Friday, June 14, 2024

Carp Classic coming May 18

Staff Writer | May 8, 2024 1:30 AM

MOSES LAKE — Bowfishers in the Basin will get a chance to show their skills and help clean up the lake at the Moses Lake Carp Classic on May 18.

This is the fifth year the tournament has been held at Moses Lake, organizer Ty Swartout said. The purpose is both to remove an invasive species from the water and to educate the public about the damage carp do in the lake by furthering the spread of blue-green algae, he said. Blue-green algae can be dangerous to humans, and parts of the lake are periodically closed to swimming and boating because of it.

“Fish and Wildlife say there might be like, between 400,000 and 500,000 carp in Moses Lake,” Swartout said. “Last year, our big fish was 27 pounds. So if you’ve got 200,000 20-plus-pounders in there, that's a lot of mass of fish.”

The carp feed the green algae with their excrement, Swartout said, and when they feed or spawn, they stir up sediment, which dredges up phosphorus that feeds the algae. They also give off phosphorus when they die.

“Because they spawn in shallow waters at roughly the same time with your largemouth bass and your smallmouth bass and your bluegill and your crappie, and all those things, they can really hinder the spawn of our game fish,” Swartout said. “They can cover up eggs with mud; they can disperse the eggs out. So it is a battle.”

The cost to enter is $60 per shooter, Swartout said. Registration will begin at 6 a.m. at Connelly Park, and the boats blast off at 7 a.m., according to the tournament rules. Teams can consist of as many shooters as the boat can safely hold. Shooters will have until 5 p.m. to shoot as many and as large carp as they can. The entry fees will be paid out to the top 30% of teams, or the top 10 if if there are more than 30 teams. (There were 21 teams last year.) In addition, the biggest fish will be worth a $1,300 prize. There’s another prize for the most fish of any size shot, he said.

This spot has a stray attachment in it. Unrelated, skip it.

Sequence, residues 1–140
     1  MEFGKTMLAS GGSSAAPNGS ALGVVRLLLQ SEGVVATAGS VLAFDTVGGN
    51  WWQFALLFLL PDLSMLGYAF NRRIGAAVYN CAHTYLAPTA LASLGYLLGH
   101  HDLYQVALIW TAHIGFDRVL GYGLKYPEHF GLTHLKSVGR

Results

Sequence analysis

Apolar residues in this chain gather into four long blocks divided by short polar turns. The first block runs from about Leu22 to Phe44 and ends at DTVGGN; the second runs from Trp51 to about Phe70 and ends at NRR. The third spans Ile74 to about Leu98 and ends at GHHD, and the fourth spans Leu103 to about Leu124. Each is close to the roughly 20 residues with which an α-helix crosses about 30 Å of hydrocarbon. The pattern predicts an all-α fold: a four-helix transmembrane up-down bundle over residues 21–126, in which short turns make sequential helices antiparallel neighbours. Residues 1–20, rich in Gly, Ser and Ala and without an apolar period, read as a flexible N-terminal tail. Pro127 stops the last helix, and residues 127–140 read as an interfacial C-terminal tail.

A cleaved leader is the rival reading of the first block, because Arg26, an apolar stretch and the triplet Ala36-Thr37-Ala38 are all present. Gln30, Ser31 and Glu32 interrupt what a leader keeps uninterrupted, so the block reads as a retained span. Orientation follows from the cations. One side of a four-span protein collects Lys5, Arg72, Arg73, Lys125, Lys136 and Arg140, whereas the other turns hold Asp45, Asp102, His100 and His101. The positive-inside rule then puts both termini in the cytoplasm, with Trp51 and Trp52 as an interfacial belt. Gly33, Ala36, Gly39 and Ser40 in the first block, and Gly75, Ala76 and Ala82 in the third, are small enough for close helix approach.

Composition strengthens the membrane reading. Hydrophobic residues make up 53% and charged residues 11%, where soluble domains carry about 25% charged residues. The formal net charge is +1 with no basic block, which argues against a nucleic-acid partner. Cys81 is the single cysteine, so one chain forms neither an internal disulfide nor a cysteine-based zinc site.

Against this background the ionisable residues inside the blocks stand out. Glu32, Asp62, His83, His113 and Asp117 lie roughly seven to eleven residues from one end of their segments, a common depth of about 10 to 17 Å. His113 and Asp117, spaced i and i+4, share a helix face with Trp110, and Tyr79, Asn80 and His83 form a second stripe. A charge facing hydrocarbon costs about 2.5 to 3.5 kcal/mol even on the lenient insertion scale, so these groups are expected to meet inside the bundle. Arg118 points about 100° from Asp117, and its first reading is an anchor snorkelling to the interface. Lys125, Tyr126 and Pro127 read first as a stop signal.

There are also some koi in the lake, left over from people who toss them out of goldfish bowls. They can grow to be four or five pounds, Swartout said, and they’re very harmful to the lake. There’s a $300 prize for those.

“We’ve only had two shots in five years,” Swartout said. “So it's not something that happens all the time, but it is an opportunity. It's kind of like that golden ticket.”

Last year there were 24 boats and about 75 shooters, Swartout said. 

Everybody is invited to come watch the weigh-in, Swartout said, and get an idea of how extensive the carp problem really is. After the weigh-in will be a raffle, with prizes donated by local businesses.

“The community's been awesome,” he said. “And that's why I'm doing it. I just want this community to not have to go through a situation where they're going to shut this lake down to swimming and stuff in August and September.”

Joel Martin may be reached via email at

An earlier version of this story gave an incorrect date for the Carp Classic. It has been corrected above.

    A carp shooting team returns to the boat launch at Connelly Park to weigh their catch at last year’s Moses Lake Carp Classic.
Moses Lake Carp Classic organizer Ty Swartout stands on the bow of his bass fishing boat and prepares to shoot carp as the boat drifts along the shore of Moses Lake at last year’s tournament. This year’s Carp Classic is May 18.